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Pagans, Wiccans and Druids share beliefs

By Meghan Vogel

Pointy black hats, green faces and warts. Sherry Fletcher laughs when she thinks of the typical stereotype of a witch. “I’ve never met anyone who looked like that,” Fletcher said with her clear, blue eyes shining. “Most witches I know are wonderful, everyday people.” Believe it or not, witches can be anyone — mail carriers, coffee servers, software engineers — maybe even your neighbor.

Fletcher is the high priestess among a coven, or group of witches, or Wiccans, in Eureka. Wicca is a loosely organized nature-oriented spiritual tradition with roots in pre-Christian antiquity. Wiccans are often considered pagans, or those who worship nature and a creative universal life force, which usually consists of a dual force — the god and goddess. The two terms, Wicca and pagan, are almost interchangeable, and each individual practitioner seems to have their own definition.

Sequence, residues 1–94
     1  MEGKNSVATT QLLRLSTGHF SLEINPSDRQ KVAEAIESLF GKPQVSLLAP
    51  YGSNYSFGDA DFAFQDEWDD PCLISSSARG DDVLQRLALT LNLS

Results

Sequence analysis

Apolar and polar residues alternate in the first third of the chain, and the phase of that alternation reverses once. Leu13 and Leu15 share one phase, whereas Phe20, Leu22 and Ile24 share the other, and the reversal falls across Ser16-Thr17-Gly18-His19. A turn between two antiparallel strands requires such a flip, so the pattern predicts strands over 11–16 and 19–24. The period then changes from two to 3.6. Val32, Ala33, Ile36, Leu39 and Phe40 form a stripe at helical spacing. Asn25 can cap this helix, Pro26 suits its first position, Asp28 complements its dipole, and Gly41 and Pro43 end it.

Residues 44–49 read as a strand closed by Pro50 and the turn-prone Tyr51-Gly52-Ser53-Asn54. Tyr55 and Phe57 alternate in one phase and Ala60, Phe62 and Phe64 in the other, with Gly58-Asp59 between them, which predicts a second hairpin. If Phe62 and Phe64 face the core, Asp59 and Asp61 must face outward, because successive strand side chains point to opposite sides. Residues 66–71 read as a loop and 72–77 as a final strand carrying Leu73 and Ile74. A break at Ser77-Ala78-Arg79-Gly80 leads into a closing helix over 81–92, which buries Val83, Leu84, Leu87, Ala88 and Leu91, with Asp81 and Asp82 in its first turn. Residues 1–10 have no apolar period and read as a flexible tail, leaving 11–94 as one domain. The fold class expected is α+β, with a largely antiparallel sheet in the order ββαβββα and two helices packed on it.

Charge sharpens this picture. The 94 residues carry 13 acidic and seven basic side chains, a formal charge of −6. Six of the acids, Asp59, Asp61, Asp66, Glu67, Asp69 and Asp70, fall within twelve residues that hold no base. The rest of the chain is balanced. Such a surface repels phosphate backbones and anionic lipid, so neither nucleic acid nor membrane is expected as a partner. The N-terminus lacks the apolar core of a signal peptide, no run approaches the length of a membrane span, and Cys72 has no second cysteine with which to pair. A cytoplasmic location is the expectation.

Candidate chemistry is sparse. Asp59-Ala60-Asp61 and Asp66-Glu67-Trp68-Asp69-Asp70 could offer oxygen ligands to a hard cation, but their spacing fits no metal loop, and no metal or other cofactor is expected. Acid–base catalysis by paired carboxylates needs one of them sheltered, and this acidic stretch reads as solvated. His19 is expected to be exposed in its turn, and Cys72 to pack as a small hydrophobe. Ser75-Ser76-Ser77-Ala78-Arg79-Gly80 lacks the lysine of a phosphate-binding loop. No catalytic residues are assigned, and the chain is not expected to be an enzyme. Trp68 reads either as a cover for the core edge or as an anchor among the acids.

Read the original article at: Times-Standard

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